The focus on the investigation is now on the potential negligence that allowed 2,750 tons of ammonium nitrate, a highly explosive chemical used in fertilizers, to be stored at the facility for six years. Reuters is reporting that documents show customs officials warned of its hazards after it was unloaded from a cargo ship in 2014. Satellite images obtained by CNN show a massive crater in the port, where nearly every building has either sustained significant damage or has been destroyed. As the world responds with aid and assistance, Foreign Affairs Minister François-Philippe Champagne said today that Canada is ready to assist Lebanon “however we can.”

As what might be the most unusual presidential campaign in American history rolls on, don’t expect to see presumptive Democratic nominee Joe Biden in Milwaukee accept his party’s nomination. Amid concerns over the surging coronavirus, he won’t accept it at the Democratic national convention, but rather at home in Delaware.

“From the very beginning of this pandemic, we put the health and safety of the American people first,” Democratic National Committee chairman Tom Perez said in a statement today. “We followed the science, listened to the doctors and public health experts, and we continued making adjustments to our plans in order to protect lives. That’s the kind of steady and responsible leadership America deserves,” he continued.

Former first lady Michelle Obama dove in deep on her new podcast today, telling listeners she’s “dealing with some form of low-grade depression” this year. “Not just because of the quarantine, but because of the racial strife, and just seeing this administration, watching the hypocrisy of it, day in and day out, is dispiriting,” Obama said, noting the Trump administration’s response to it all has not helped.

“I don’t think I’m unusual in that,” she said. “But I’d be remiss to say that part of this depression is also a result of what we’re seeing in terms of the protests, the continued racial unrest, that has plagued this country since its birth. I have to say that waking up to the news, waking up to how this administration has or has not responded, waking up to yet another story of a Black man or a Black person somehow being dehumanized, or hurt or killed, or falsely accused of something, it is exhausting. And it has led to a weight that I haven’t felt in my life, in a while.” That story from The Hill.

And as if he doesn’t have enough on his plate, between a pandemic and presidential shenanigans, it turns out Dr. Anthony Fauci and his family are getting death threats. That’s what you get, apparently, for trying to keep people safe.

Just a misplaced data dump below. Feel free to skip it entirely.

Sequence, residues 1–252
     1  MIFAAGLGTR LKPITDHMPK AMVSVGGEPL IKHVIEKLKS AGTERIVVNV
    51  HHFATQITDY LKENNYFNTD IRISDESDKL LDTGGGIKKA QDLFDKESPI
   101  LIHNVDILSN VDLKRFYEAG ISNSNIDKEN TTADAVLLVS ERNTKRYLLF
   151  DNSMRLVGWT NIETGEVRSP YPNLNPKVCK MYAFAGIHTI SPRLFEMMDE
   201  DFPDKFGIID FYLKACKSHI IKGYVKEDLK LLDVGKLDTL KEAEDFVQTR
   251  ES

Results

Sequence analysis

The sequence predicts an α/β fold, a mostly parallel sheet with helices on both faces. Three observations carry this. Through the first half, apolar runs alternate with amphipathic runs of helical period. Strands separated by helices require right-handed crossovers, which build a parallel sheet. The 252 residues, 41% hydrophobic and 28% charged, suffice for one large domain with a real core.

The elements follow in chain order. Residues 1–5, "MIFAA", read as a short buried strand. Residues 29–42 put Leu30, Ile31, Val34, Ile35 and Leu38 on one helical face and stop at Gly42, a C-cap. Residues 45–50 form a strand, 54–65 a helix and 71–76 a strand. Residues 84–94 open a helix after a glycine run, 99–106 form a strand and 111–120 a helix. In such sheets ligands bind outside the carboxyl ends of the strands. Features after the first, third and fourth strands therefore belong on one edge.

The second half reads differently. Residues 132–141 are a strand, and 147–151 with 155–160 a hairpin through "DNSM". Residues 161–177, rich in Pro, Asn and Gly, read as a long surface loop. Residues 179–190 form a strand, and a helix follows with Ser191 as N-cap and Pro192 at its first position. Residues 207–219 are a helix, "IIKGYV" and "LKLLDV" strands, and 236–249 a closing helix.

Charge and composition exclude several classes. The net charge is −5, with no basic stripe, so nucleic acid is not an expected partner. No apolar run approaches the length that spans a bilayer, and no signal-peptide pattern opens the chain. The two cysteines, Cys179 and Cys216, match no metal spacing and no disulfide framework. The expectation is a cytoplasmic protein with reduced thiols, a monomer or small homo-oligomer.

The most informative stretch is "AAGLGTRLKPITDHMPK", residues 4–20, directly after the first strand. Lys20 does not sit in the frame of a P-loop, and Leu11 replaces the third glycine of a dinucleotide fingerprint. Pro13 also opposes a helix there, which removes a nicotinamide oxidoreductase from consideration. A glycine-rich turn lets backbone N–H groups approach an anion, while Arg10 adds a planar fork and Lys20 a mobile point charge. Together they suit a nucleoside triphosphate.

In Opinion:

Seven deadly sins to avoid on the path to anti-racism

The Kicker:

Finally, today, we leave you with a happy “tail.”

Photo: Facebook

Coal, the last remaining alumnus of the Parliament Hill cat sanctuary, is on the mend after an unfortunate tangle with a piece of string last month. The 12-year-old feline spent three days in emergency under the watchful eye of vets after ingesting it. He’s now home with his humans and doing well. And updating his Facebook page, obviously.

Have a great night.

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Canada signs deals with Pfizer, Moderna to get doses of COVID-19 vaccines – Salmon Arm Observer



Canada is signing deals with pharmaceutical giant Pfizer and U.S.-based biotech firm Moderna to procure millions of doses of their experimental COVID-19 vaccines.

Procurement Minister Anita Anand is announcing the deals this morning in Toronto, which will see Canada get access to the vaccines if they prove to be both safe and effective.

Both companies began Phase 3 clinical trials of their vaccine candidates in the last week, large-scale tests to determine how well the vaccines work.

Earlier in July both Pfizer and Moderna reported positive results from smaller trials.

The Phase 3 trials will both test the vaccines on 30,000 people, and results are expected in the fall.

Canada’s chief public health officer Dr. Theresa Tam warned Tuesday about expecting a vaccine to provide a quick end to the pandemic, saying they provide hope but likely no silver bullet for the novel coronavirus.

READ MORE: COVID-19 vaccine efforts provide hope but no silver bullet to stop pandemic, Tam says

READ MORE: 30% of British Columbians would ‘wait and see’ before taking COVID vaccine, poll suggests

The Canadian Press